Recovery Method Hits Addicts Where It Hurts
Sheila never imagined her stress-related migraines would end up making her a pill-popping junkie. The Ventura County mother of three started getting headaches and having trouble sleeping due to the unending juggle of going to college for a teaching degree and raising newborn twins. For her symptoms, her doctor prescribed Lortab, a widely distributed pill that contains a powerful opiate ingredient called oxycodone.
Gaining a nasty reputation for its junkie-creating potential, oxycodone has recently been billed in national magazines as the “white-trash heroin,” but it has also found fans in upper-class neighborhoods by being more acceptable than heroin. Sheila had heard of Lortab’s more notorious cousin Vicodin (which also contains oxycodone), but was unaware that the pills she was taking to help her sleep and feel better would, months later, make her more dependent on drugs than on food.
When Sheila got up to 10 pills a day, she was crediting their soothing effects for her straight-A report cards. “I was taking them just to function,” she said. “I’d take them, feel better, and vacuum the house.” By that time, Sheila was keeping pills in her pocket and hiding her usage from her family and friends. Only when her pharmacist told her that the strength and amount she was taking was equivalent to what was prescribed for pain-riddled patients with advanced cancer did Sheila realize the enormity of her problem. At the same time, her Oxnard-based doctor was arrested and charged with over-prescribing painkillers to a variety of patients. After trying to kick her habit solo, which led to horrible flu-like withdrawal symptoms, Sheila decided it was time for help.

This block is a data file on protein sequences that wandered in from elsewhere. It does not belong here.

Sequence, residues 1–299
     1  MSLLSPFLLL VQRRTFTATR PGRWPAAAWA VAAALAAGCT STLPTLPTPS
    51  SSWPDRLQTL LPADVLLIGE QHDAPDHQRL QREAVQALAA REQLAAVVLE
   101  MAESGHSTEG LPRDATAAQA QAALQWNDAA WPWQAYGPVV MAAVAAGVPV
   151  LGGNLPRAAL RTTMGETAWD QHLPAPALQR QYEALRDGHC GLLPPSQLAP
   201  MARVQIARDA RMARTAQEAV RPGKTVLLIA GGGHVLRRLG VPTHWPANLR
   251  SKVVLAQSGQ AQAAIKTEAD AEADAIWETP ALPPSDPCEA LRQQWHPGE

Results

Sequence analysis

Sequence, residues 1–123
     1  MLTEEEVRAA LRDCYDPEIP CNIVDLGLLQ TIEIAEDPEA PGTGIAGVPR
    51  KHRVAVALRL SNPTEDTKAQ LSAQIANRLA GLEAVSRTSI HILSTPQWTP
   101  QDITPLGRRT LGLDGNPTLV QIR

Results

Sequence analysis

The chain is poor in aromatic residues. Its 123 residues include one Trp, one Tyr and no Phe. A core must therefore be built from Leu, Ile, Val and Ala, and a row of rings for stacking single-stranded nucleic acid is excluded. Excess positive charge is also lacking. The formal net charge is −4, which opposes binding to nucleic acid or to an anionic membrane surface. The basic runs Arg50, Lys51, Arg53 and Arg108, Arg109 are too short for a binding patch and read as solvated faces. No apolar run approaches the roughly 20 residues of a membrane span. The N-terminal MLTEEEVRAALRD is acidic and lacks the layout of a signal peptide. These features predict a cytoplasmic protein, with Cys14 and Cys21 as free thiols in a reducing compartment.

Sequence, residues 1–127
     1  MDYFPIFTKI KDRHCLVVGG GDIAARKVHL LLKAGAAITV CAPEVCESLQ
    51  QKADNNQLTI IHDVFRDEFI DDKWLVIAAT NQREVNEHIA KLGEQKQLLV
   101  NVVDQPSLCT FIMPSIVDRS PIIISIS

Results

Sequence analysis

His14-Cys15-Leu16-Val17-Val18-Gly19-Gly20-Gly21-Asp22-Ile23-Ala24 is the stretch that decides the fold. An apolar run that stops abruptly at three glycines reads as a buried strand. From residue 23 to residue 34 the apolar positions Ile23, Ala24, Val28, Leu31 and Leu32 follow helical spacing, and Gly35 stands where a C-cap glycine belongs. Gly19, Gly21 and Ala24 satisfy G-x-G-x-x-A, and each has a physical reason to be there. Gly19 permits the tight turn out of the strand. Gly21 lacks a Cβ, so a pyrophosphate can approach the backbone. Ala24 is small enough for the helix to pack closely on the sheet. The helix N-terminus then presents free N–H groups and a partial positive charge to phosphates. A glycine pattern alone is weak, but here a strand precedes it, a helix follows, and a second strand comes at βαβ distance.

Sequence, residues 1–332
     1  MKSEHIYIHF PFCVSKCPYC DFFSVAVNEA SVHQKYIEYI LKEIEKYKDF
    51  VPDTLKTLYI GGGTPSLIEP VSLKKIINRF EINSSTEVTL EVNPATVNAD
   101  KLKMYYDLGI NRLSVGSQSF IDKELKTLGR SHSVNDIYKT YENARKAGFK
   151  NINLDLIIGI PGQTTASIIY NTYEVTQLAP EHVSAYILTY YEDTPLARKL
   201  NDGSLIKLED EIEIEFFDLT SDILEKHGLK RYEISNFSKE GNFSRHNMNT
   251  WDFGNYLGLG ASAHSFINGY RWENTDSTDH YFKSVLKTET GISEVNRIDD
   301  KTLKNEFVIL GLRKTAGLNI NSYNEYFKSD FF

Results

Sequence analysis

Like a dedicated college student, Sheila researched detox centers, but found mostly 28-day rehab clinics or 12-step programs. She didn’t have the time for such extensive treatment, and though her physical addiction was strong, she didn’t feel she was emotionally or psychologically hooked, which is what 12-step programs often address. Then she stumbled upon the Waismann Institute’s program in Beverly Hills, discovering a groundbreaking drug rehabilitation method that’s become her salvation.
The program takes but one day of medical treatment, preceded by a testing day and followed by a night of monitoring. Essentially, the addict’s opiate-dependent body is flushed in a system-cleansing process that takes mere hours. During an anesthesia-induced unconsciousness, the patient goes through the symptoms of withdrawal at an accelerated rate.
The usually weeks-long nausea and insomnia is unknowingly endured by the addict in an afternoon. The patient is then given an alternative drug to take daily that provides no “high” and acts as an antidote to opiates, blocking any inebriation if the cured addict starts using again. The treatment is quick and easy and, compared to the traditional detox remedies that average a less-than-20-percent success rate, the Waismann method is effective, with a 95-percent success rate after one month and a 65-percent success rate after one year.
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